alleway-incorporatinghistorical-2016.pdf (417.27 kB)
Incorporating historical data into aquaculture planning
journal contributionposted on 2016-05-01, 00:00 authored by H K Alleway, Ruth Thurstan, P R Lauer, S D Connell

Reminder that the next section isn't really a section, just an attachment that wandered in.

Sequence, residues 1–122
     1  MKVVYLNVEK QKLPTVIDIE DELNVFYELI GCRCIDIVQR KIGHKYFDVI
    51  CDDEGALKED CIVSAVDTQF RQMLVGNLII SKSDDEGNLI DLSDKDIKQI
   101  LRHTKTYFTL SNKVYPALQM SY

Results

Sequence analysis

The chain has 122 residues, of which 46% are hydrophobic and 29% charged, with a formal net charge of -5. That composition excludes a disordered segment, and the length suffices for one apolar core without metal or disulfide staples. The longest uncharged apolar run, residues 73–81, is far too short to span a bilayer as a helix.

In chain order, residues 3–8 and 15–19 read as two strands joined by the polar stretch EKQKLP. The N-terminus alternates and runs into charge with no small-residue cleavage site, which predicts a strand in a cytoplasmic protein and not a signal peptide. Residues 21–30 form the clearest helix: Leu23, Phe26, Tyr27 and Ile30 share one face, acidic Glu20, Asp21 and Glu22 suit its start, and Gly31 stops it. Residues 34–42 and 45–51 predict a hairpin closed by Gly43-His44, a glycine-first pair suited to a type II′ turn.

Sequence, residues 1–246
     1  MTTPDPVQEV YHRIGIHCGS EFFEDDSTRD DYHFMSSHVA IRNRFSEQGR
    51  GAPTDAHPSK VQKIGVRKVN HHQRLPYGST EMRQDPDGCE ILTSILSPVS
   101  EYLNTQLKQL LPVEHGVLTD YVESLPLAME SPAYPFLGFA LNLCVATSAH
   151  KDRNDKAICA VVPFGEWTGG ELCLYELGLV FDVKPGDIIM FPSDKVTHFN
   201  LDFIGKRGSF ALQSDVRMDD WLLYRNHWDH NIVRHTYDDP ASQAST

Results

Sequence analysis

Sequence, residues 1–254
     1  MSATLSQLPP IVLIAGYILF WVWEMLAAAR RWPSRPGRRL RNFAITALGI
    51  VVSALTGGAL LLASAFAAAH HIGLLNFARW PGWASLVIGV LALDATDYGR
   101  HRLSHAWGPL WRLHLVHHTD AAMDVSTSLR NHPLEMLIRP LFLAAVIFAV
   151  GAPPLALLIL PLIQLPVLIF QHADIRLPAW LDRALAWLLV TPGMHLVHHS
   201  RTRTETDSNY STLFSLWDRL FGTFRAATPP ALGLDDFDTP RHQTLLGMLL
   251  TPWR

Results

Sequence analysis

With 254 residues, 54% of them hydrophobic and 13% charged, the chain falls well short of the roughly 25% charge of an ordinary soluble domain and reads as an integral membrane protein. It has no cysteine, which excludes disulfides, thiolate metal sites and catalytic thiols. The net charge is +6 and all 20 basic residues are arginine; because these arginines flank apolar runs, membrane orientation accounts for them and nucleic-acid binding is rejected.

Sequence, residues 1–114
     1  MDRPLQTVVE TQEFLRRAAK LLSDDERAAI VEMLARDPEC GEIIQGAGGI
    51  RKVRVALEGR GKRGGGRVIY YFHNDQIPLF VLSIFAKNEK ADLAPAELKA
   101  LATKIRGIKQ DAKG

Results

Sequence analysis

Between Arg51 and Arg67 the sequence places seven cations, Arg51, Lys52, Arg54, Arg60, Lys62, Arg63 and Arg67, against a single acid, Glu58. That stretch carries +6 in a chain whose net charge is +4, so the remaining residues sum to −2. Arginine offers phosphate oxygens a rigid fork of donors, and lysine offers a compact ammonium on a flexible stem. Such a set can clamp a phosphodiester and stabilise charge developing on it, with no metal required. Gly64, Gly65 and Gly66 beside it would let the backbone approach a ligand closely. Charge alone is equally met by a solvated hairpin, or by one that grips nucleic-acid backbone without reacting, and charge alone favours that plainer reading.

Marine historical research has made progress in bridging the gap between science and policy, but examples in which it has been effectively applied remain few. In particular, its application to aquaculture remains unexplored. Using actual examples of natural resource management in the state of South Australia, we illustrate how historical data of varying resolution can be incorporated into aquaculture planning. Historical fisheries records were reviewed to identify data on the now extinct native oyster Ostrea angasi fishery throughout the 1800 and early-1900s. Records of catch, number of boats fishing, and catch per unit effort (cpue) were used to test fishing rates and estimate the total quantity of oysters taken from select locations across periods of time. Catch quantities enabled calculation of the minimum number of oysters per hectare for two locations. These data were presented to government scientists, managers, and industry. As a result, interest in growing O. angasi increased and new areas for oyster aquaculture were included in regulatory zoning (spatial planning). Records of introductions of the non-native oyster Saccostrea glomerata, Sydney rock oysters, from 1866 through 1959, were also identified and used to evaluate the biosecurity risk of aquaculture for this species through semi-quantitative risk assessment. Although applications to culture S. glomerata in South Australia had previously been declined, the inclusion of historical data in risk assessment led to the conclusion that applications to culture this species would be accepted. The examples presented here have been effectively incorporated into management processes and represent an important opportunity for the aquaculture industry in South Australia to diversify. This demonstrates that historical data can be used to inform planning and support industry, government, and societies in addressing challenges associated with aquaculture, as well as natural resource management more broadly.